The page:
Look up ‘premature obituaries’ in Wikipedia and you will quickly discover a list of famous people as long as your arm who have mistakenly been reported as dead. Sean Connery and David Cameron to name just two. Some have since shuffled off in their own good time, others remain alive and well. What unites them is that someone was too eager to declare their demise without checking the state of their health first. And surely the same can be said of the latest clamour to declare the death of the high street.
Complacency and resistance to change are more easily forgiven if retailers can convince themselves that the whole bricks and mortar landscape is inevitably collapsing around their ears as online attacks. Too many big names on the high street have been asking why customers aren’t visiting them and come up with the answer of ecommerce. But the more important question to ask themselves is why SHOULD shoppers make the effort to visit their stores. We live in a ‘what’s in it for me?’ age and with such proliferation of shopping experiences to choose from, retail spaces need to make the effort to earn our shoe leather.
Pile it high and sell it cheap still works on the high street – but only if it’s cheap enough. Add a sprinkle of jeopardy, by offering regularly changing bargains so customers are conditioned to buy before they miss out, and you’re on to a winner. Our ‘autopilot’ shopper brains are wired to avoid loss, so limited availability simply drives desire. Discount retailers like B&M understand this all too well and appear to be thriving as a result.
But if you’re not offering discounts to die for, vanilla stores and sloppy merchandising simply won’t cut it any more. Retailers who do little more than rack and stack offer no defence against websites with great visuals, nimble search functionality, speedy delivery and easy returns. Smart online retailing has gradually torn down the old high street barricades of accuracy, security, immediacy and freedom from the risk of a bad buy. Traditional retailing needs to fight back by asserting its ability to offer an engaging social experience that beats sitting on the sofa.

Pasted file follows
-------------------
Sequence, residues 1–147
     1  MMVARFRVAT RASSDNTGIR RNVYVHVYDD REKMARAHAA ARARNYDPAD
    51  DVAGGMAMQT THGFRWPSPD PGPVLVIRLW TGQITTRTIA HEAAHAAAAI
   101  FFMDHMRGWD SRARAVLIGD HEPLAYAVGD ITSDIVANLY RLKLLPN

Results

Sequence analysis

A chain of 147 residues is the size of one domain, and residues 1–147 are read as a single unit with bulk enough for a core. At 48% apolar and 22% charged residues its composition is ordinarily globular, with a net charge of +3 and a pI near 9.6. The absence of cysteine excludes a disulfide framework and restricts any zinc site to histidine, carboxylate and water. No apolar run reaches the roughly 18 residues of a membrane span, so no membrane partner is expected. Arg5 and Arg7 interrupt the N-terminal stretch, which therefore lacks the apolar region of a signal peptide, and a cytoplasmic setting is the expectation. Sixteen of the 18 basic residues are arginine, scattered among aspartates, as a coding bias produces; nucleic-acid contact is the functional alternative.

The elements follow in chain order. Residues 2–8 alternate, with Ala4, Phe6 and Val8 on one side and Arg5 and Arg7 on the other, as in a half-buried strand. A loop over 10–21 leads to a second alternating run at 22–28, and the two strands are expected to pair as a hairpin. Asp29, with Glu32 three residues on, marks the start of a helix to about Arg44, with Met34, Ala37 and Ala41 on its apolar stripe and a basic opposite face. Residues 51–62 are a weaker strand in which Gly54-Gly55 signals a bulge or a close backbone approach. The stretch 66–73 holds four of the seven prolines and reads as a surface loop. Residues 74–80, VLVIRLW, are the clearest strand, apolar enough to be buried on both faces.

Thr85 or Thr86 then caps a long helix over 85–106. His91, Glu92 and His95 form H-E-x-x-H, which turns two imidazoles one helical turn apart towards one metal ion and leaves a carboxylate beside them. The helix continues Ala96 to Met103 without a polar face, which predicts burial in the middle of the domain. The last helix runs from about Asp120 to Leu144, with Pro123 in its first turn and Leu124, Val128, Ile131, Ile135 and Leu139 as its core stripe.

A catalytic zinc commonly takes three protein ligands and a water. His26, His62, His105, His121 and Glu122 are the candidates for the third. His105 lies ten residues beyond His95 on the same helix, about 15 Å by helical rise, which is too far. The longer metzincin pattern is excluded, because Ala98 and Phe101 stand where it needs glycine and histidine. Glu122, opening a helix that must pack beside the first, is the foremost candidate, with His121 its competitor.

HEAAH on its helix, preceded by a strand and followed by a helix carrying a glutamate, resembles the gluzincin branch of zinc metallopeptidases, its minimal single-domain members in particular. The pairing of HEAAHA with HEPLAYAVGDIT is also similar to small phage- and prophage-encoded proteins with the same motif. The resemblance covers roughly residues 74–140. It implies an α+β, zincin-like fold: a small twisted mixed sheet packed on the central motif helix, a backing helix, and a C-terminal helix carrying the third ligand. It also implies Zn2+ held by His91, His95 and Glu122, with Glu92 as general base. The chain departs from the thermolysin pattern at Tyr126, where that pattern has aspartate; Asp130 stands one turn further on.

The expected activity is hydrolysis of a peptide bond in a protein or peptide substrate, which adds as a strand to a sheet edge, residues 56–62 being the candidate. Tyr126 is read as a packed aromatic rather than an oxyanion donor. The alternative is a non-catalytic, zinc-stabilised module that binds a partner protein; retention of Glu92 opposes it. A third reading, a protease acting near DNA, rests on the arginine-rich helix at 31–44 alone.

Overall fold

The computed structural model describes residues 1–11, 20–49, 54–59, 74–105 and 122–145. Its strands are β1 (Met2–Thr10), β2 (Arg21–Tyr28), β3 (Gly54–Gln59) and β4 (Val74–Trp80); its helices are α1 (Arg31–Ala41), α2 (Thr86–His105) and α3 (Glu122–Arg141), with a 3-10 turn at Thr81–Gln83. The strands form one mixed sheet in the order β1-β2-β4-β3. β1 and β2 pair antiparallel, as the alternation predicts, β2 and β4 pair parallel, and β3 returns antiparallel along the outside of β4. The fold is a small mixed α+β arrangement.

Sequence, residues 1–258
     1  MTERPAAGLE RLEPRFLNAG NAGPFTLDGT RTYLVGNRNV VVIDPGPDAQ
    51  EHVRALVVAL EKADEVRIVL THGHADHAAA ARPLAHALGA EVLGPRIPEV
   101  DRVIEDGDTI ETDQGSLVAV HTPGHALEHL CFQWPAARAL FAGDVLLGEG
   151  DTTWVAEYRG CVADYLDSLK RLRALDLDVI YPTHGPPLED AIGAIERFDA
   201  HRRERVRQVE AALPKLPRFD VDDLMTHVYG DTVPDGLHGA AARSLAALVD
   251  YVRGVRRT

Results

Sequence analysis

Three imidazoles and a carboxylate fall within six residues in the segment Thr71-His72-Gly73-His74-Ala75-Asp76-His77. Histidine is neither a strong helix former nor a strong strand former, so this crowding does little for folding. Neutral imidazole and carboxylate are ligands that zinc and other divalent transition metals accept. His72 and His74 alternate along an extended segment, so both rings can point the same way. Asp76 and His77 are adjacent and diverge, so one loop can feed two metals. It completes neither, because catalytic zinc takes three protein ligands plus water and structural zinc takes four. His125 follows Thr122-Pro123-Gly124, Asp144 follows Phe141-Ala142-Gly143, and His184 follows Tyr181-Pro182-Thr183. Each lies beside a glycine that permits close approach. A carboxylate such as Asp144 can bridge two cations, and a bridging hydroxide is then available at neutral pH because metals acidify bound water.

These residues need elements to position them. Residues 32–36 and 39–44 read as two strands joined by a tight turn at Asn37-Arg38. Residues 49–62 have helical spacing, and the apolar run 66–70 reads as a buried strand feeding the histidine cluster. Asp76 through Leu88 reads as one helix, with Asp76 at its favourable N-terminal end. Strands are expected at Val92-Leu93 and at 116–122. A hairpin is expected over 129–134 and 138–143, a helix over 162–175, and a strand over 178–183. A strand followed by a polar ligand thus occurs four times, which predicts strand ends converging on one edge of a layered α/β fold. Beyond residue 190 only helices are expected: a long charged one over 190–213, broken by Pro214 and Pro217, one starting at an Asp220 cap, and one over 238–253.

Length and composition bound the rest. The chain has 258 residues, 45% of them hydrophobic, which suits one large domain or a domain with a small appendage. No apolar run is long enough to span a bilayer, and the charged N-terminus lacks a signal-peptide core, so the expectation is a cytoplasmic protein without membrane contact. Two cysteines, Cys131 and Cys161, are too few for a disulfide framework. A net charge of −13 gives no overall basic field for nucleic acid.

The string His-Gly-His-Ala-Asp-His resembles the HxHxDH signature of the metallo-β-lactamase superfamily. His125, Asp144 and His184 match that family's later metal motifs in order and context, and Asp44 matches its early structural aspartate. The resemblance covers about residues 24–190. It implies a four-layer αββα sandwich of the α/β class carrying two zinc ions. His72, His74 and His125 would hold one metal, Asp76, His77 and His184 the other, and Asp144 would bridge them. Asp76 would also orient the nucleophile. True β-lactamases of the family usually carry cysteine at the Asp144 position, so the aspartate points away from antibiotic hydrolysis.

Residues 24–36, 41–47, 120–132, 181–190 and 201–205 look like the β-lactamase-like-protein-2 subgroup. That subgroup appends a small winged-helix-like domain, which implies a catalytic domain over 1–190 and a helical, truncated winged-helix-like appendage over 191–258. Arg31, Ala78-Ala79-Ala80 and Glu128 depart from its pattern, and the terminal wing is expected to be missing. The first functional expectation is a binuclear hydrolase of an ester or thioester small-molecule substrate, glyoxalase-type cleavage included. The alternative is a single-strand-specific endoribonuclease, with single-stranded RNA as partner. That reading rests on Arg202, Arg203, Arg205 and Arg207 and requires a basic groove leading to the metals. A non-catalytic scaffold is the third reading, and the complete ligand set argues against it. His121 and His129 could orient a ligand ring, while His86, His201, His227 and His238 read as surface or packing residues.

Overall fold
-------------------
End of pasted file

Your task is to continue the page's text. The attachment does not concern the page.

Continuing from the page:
The success of (Flying) Tiger, with its growing UK fanbase, powerfully demonstrates that ‘fun’ can work just as well as ‘cheap’. With Scandi cool baked in, this is a retail experience designed to make you smile and happy shoppers evidently spend money.
But beware the retailer who thinks in store theatre and great experience-led merchandising is the preserve of its flagship stores. Chains are only as strong as their weakest links – and high street success relies on being able to pull it off in a small awkward footprint, as much as creating the all singing all dancing Westfield showcase.
From barrow boys to Apple concept stores, retail has always been about setting out your stall and enticing the shopper in. Since when was it supposed to be easy?